Zaman brought solid juvenile form from Europe, having finished best of the rest behind Expert Eye in the Vintage (G2) at Glorious Goodwood and a close fourth to Gustav Klimt in the Superlative (G2). The York debut winner also defeated Unfortunately, subsequently hero of the Prix Morny (G1) and Prix Robert Papin (G2), in a Pontefract conditions race. According to, the German 2000 Guineas (G2) could be an objective.

Jockey James Doyle guided Appleby’s third winner, Kidmenever, in the nightcap, with Buick on third-place stablemate Banksea. The about 1 1/4-mile turf handicap was Kidmenever’s last chance saloon at the Carnival, and it didn’t unfold the way they’d mapped it out. Doyle said he was farther back than he wanted for the 132-pound co-highweight, and hung out wide, after not getting quickly into stride. But it was a case of all’s well that ends well, for Kidmenever improved on the far turn, pounced into the stretch, and kept on to prevail by 2 1/2 lengths. Runner-up Baroot, who had to alter course when Kidmenever hung toward the rail, was receiving six pounds.

“It was an interesting race to watch,” Appleby said in an understated allusion to pre-race plans getting scrapped out of the gate. “He got a nice clear run and ran better than we expected. He traveled well and we worried about coming back a bit soon for him (after his comeback seventh in a February 17 handicap). He’ll go into quarantine with a bunch of horses tomorrow. He probably deserves a bit of a summer break after going to Australia and back.”

Eighth in the Herbert Power (G2) at Caulfield and a near-misser in the Australian Sandown’s Eclipse (G3), Kidmenever wasn’t up to tackling Super Saturday or World Cup night.

Bin Suroor sent out the other Godolphin winner, Top Score, in an about seven-furlong turf handicap that proved a costly victory for Soumillon. Buffeted in the early going before finding his way into the clear, Top Score (red cap) came in under right-handed urging down the stretch. In so doing he interfered with fourth-placer Khafoo Shemimi (yellow cap), causing a chain reaction to his inside as Steady Pace (white cap) was tightened up, and Salateen (green on rail), checking hardest of all, dropped right out of it to last.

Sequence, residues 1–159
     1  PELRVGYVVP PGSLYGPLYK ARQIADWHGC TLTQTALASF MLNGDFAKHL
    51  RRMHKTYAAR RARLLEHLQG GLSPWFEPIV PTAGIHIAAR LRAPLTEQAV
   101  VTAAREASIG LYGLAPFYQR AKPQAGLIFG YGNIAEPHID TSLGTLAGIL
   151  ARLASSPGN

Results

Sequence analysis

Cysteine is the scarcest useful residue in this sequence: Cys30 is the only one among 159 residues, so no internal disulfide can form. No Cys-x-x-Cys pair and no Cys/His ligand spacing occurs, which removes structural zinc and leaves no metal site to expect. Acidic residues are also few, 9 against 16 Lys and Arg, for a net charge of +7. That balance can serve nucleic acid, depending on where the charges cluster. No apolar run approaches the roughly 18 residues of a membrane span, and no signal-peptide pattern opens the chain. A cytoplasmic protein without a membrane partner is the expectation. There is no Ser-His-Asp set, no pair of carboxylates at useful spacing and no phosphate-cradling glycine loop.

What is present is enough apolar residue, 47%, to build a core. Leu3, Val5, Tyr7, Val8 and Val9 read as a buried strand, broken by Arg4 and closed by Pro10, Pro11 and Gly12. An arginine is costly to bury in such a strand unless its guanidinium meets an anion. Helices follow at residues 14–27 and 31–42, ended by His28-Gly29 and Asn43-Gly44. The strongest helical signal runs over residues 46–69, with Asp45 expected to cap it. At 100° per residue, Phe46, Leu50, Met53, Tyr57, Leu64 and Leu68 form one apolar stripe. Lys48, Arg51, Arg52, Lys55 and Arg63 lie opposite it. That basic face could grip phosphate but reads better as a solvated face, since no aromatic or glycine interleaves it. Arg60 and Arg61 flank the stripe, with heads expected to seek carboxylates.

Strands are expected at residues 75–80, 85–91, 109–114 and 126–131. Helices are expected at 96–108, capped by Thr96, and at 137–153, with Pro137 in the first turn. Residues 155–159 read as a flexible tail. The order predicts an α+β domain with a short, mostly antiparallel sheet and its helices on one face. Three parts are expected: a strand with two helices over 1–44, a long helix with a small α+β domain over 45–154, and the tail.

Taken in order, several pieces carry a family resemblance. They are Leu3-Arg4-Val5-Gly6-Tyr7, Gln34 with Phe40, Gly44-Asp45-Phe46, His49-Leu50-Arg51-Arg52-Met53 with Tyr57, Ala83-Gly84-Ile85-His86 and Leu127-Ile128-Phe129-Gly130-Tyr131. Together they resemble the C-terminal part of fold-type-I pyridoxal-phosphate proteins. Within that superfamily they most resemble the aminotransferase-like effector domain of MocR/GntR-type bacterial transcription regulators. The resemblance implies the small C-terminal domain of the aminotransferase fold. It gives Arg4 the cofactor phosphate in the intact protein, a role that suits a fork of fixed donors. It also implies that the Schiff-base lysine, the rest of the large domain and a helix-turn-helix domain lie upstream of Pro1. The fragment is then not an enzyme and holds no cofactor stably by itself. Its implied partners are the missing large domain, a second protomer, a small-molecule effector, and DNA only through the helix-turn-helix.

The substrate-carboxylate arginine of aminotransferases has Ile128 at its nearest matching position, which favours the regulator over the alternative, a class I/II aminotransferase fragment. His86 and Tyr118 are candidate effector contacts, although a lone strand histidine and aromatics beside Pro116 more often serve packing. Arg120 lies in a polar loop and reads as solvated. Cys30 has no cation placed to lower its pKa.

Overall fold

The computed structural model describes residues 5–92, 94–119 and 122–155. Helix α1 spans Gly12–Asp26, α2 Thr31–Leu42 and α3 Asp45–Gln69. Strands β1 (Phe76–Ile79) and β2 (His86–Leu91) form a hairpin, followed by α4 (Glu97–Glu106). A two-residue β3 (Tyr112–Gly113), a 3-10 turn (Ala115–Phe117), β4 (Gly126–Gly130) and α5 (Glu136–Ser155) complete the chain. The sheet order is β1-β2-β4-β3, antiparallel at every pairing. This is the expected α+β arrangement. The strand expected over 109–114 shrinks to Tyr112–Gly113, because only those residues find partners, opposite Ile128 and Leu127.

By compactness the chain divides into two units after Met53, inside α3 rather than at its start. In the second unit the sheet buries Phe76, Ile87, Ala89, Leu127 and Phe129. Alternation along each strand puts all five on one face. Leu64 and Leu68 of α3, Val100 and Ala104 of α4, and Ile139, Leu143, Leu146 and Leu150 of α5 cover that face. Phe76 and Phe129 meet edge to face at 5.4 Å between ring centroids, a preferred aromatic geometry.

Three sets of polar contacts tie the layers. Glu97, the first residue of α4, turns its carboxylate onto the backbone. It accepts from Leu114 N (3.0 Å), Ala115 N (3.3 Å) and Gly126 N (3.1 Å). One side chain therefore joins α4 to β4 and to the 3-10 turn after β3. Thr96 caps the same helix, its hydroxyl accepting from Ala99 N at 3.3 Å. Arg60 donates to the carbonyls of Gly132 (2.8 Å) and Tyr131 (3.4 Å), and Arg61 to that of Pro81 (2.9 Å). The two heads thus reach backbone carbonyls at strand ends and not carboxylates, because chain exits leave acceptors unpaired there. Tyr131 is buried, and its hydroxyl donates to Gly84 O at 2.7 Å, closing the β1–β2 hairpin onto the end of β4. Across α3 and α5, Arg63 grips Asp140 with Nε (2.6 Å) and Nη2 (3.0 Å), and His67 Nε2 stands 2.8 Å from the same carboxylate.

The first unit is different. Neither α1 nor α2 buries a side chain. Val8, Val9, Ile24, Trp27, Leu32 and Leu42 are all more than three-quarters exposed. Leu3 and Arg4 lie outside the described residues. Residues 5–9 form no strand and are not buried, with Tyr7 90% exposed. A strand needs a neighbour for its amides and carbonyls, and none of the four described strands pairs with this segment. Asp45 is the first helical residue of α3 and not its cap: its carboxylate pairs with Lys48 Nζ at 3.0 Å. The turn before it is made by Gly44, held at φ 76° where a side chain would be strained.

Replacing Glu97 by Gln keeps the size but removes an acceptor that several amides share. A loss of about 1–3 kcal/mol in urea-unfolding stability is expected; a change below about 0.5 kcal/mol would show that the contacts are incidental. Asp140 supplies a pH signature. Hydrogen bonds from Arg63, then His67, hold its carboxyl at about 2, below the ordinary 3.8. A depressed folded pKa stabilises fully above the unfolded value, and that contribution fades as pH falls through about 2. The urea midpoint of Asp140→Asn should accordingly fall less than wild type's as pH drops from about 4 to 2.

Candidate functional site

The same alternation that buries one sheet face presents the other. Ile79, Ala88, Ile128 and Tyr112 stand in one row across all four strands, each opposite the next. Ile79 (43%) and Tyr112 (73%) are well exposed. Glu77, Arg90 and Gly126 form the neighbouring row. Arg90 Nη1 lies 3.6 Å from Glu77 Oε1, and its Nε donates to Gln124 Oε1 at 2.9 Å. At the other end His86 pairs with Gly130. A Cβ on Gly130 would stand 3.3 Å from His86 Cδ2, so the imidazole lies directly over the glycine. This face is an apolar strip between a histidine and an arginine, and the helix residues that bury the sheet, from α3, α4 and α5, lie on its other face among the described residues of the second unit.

The stewards charged Soumillon with careless riding and suspended him for three racing days, including the March 10 Super Saturday program.

Top Score, whose lone stakes win came in the 2017 Meydan Classic, was winning on this card for the second straight year. The gelded son of Hard Spun was coming off a second to Oh This Is Us in a February 17 course-and-distance handicap. Now getting a four-pound concession, as well as first run, Top Score turned the tables. Oh This Is Us finished fast but too late, just missing second in a photo with The Grape Escape.

Although the Curlin H. was contested over the same track and trip as the Dubai World Cup (G1), the listed event is unlikely to have any bearing on the $10 million prize.

Sheikh Mohammed bin Khalifa al Maktoum’s Saltarin Dubai grabbed the crucial early lead and could not be caught, breaking through with his first win since the 2016 Gran Premio Estrellas Classic (G1) in his Argentine swan song.

“This was his World Cup night,” jockey Richard Mullen forthrightly said, revealing that trainer Satish Seemar instructed him “at all costs, get to the front.”

In his last pair in handicap company, Saltarin Dubai had rallied for second to Godolphin’s forwardly placed Don’t Give Up, who re-opposed on Thursday. The E Dubai gelding had to change tactics to change the result, and the weights helped too. Saltarin Dubai had been conceding weight in their previous meetings, but Don’t Give Up was giving him a pound in the Curlin.

“He has always worked very well and has been running some good races in defeat,” Mullen said. “We thought to go out in front on him to keep him out of the kickback, as he has sulked at times in his races when getting dirt kicked at him. He is a Group 1 winner, so the talent is there and he has had a really hard race tonight so I guess that will be his last run this season.”

Saltarin Dubai reported home five lengths clear of Don’t Give Up while clocking 2:04.14. Defending Curlin champion Etijaah made belated progress for third, and Godolphin’s underachieving Alabaster, who flubbed the start again, checked in fourth.

Mullen kicked off his stakes double by steering the Jean de Roüalle-trained Ziyadd in the Purebred Arabians’ version of the Al Maktoum Challenge Round 3.